Two doctors communicate through the glass of the ICU in a hospital with covid patients in Berlin.FABRIZIO BENSCH / Reuters
The grim reality of this pandemic is that, more than a year later, there is no cure for covid. The astonishing development of effective vaccines in record time has made the lack of treatment in hospitals, where there are thousands of already infected people who cannot be vaccinated, even more desperate. But experts believe that this situation will change in the coming months, as it is possible that several drugs in the last phases of human testing could arrive in time to save lives as the mass vaccination campaign picks up speed.
This week is have published new data on one of the most promising drugs, both in terms of its effectiveness and how it is used. It is an oral antiviral . For the first time it would not be necessary to administer it in a hospital with an intravenous injection. It also has an advantage that would make any doctor cry with joy: it could be used as a prophylactic drug. This means that it could prevent infection and transmission of the coronavirus , for example in people who have had contact with a patient. In the best of cases, this type of drug could stop the chains of infections that now go completely unnoticed by health radars.
This new drug – EIDD-2801, trade name, Molnupiravir – was developed by researchers from Emory University (EE. UU) as a broad spectrum antiviral. Its objective was to combat all strains of influenza, although in subsequent laboratory tests it has shown effectiveness against other RNA viruses, including coronaviruses.
"These are the most powerful virus inhibition results that have been observed in animal models" Víctor García-Martínez, Emory University
This drug has been shown to reduce the virus load by 25,000 times if applied 24 hours after infection in an experiment with mice grafted with human lung tissue. If rodents took the drug before coming into contact with the virus and then contagion occurs, the viral load is reduced about 100,000 times. The results are published this week in the journal Nature and complement those of another preliminary study that provides another revealing data. EIDD-2801 protected ferrets living with other infected animals from contagion.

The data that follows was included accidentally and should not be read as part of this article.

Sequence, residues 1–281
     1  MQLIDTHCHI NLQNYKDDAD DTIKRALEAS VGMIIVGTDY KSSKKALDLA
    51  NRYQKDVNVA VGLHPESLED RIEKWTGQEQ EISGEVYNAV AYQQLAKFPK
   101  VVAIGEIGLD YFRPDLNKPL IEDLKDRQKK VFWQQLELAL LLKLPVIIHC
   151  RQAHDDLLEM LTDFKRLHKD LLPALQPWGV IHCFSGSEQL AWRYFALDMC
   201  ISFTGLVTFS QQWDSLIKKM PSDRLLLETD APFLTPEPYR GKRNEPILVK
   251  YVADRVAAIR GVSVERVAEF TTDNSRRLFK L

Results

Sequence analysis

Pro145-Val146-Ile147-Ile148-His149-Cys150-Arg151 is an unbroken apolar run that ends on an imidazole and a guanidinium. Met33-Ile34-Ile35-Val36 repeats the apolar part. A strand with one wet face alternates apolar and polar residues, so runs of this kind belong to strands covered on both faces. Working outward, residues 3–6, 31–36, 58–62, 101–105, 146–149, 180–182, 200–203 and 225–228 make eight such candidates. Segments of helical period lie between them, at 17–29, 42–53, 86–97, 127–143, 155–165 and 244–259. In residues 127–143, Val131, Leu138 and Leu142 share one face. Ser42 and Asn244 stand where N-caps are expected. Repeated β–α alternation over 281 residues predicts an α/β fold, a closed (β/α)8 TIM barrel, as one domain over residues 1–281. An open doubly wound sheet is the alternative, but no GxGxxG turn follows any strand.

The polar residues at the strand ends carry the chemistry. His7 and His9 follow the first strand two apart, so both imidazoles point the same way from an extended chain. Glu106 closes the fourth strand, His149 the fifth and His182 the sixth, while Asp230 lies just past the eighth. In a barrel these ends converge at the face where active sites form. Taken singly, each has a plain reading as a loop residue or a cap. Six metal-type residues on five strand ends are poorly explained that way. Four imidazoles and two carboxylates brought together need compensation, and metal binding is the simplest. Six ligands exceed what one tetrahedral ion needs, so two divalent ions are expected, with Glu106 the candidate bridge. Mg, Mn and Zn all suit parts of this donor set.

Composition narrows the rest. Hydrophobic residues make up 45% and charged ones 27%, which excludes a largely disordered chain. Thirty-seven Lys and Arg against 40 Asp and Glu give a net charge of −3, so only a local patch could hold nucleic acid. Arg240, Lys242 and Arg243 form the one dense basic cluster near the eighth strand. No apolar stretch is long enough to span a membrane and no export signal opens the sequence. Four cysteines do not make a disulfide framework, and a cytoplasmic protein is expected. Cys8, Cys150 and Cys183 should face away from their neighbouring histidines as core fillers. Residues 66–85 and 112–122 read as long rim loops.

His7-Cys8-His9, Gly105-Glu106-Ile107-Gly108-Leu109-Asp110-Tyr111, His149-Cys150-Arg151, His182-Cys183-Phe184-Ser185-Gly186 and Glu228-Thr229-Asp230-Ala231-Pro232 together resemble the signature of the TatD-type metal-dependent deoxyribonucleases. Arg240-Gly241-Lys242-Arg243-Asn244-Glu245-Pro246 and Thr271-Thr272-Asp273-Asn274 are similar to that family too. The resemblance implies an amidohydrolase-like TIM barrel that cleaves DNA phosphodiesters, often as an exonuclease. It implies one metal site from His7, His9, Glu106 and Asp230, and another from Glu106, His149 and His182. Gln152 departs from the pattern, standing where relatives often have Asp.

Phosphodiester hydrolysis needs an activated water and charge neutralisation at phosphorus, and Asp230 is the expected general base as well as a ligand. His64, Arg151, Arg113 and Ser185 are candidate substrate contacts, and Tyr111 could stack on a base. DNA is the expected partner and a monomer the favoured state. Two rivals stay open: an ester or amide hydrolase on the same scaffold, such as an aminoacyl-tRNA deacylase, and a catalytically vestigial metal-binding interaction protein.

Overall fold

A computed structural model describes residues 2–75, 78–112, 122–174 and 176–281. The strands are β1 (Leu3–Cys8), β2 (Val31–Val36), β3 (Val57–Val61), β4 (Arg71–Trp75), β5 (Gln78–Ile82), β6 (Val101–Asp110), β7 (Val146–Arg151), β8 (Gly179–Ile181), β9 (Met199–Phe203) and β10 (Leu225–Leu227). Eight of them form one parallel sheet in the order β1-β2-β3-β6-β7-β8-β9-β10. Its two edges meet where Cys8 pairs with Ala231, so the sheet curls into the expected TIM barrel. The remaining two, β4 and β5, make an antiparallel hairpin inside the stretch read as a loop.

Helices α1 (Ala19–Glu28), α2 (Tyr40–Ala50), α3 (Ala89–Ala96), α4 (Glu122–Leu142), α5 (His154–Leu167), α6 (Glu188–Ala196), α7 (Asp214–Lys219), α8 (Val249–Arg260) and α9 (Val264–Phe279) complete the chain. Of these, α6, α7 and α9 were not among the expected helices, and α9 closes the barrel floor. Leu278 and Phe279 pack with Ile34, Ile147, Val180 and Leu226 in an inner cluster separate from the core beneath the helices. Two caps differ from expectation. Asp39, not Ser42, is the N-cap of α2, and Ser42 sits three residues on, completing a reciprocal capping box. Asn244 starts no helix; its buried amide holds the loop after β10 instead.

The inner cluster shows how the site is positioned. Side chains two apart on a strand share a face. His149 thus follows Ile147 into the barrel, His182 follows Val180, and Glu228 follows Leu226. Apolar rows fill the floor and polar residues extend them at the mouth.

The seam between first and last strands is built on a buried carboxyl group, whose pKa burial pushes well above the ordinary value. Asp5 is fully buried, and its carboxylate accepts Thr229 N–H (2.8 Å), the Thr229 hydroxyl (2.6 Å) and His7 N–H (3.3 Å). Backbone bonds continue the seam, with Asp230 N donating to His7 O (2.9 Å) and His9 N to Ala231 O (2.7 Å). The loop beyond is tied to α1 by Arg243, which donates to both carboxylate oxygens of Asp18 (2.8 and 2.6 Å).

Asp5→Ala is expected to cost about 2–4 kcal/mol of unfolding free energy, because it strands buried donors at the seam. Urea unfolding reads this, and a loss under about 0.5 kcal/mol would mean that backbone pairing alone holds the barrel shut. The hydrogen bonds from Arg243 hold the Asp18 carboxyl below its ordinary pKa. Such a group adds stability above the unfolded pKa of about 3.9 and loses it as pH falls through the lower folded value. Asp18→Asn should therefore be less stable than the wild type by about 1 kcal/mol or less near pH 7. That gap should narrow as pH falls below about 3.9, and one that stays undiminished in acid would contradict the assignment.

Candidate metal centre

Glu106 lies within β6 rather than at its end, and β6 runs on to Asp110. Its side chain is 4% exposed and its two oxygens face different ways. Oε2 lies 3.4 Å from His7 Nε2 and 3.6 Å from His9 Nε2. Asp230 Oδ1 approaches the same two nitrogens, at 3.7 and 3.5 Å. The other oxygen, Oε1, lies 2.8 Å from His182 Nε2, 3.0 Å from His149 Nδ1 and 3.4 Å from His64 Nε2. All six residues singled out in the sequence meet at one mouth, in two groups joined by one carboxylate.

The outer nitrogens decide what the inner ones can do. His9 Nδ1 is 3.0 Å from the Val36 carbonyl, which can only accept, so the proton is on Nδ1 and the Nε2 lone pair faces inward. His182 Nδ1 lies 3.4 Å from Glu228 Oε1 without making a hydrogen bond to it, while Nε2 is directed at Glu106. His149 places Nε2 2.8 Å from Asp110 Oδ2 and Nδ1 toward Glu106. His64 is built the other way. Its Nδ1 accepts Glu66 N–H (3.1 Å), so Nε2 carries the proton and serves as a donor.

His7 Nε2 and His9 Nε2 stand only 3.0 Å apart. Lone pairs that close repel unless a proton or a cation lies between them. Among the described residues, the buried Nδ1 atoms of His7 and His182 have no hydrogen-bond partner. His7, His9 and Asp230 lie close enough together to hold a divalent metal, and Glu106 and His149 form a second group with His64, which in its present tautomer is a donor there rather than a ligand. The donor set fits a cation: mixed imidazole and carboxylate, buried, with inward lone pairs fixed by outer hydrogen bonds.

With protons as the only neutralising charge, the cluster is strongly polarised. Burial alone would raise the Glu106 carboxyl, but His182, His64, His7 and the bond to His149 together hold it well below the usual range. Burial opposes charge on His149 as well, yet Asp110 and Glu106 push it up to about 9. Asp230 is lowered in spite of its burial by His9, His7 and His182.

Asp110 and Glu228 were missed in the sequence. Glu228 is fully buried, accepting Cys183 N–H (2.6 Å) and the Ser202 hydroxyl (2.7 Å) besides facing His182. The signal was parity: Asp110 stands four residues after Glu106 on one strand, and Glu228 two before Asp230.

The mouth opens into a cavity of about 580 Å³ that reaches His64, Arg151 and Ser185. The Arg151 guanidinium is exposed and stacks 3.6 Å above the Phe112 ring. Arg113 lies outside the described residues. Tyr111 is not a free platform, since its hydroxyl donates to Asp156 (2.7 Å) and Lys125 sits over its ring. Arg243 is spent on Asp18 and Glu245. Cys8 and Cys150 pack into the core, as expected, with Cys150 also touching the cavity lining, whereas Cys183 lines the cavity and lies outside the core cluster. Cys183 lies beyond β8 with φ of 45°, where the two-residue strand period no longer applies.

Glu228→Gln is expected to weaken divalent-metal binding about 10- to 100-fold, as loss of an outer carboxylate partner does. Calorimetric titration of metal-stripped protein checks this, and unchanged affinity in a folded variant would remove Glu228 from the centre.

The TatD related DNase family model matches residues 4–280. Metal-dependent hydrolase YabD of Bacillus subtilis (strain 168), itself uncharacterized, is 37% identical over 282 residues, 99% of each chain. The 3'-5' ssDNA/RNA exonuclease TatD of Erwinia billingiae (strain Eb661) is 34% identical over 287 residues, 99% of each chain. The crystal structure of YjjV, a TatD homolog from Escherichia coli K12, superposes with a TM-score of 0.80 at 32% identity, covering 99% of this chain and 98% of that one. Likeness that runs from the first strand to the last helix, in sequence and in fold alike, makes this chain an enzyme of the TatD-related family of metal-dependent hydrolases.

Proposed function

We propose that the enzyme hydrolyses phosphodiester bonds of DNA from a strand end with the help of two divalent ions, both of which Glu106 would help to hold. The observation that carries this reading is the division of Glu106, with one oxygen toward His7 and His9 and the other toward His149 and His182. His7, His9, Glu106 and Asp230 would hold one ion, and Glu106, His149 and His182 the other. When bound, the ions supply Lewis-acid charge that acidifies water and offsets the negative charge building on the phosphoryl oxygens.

"These are the most powerful virus inhibition results that have been observed in animal models," explains Víctor García-Martínez, an immunologist at the University from North Carolina and co-author of the study. "If these results are replicated in humans, we hope that it will make a big difference both in the prevention of contagion and in the early treatment of covid," he highlights.
This drug is in phase 2-3 of human trials in which it is will test its effectiveness. It is theoretically the last before the drug can be approved for use.
Spain is one of the countries where this molecule will be tested. "The advantage of this drug is that it can be given orally in combination with two other treatments, remdesivir and dexamethasone," explains Roger Paredes, doctor at the German Trias i Pujol hospital, in Badalona, who participates in the trials with this antiviral developed for its commercialization by the pharmaceutical companies MSD and Ridgeback.
This drug works by introducing errors in the process of copying the RNA of the virus until it annihilates it, a phenomenon known as “error catastrophe”. The drug is being tested both in hospitalized patients and in infected people without serious disease.
"Of course, it can have great potential due to the ease of administration in non-admitted patients," says Marcos López Hoyos, president of the Spanish Immunology Society. "If it really prevents covid, it would facilitate prophylaxis in case of outbreaks in closed environments, such as residences," he adds.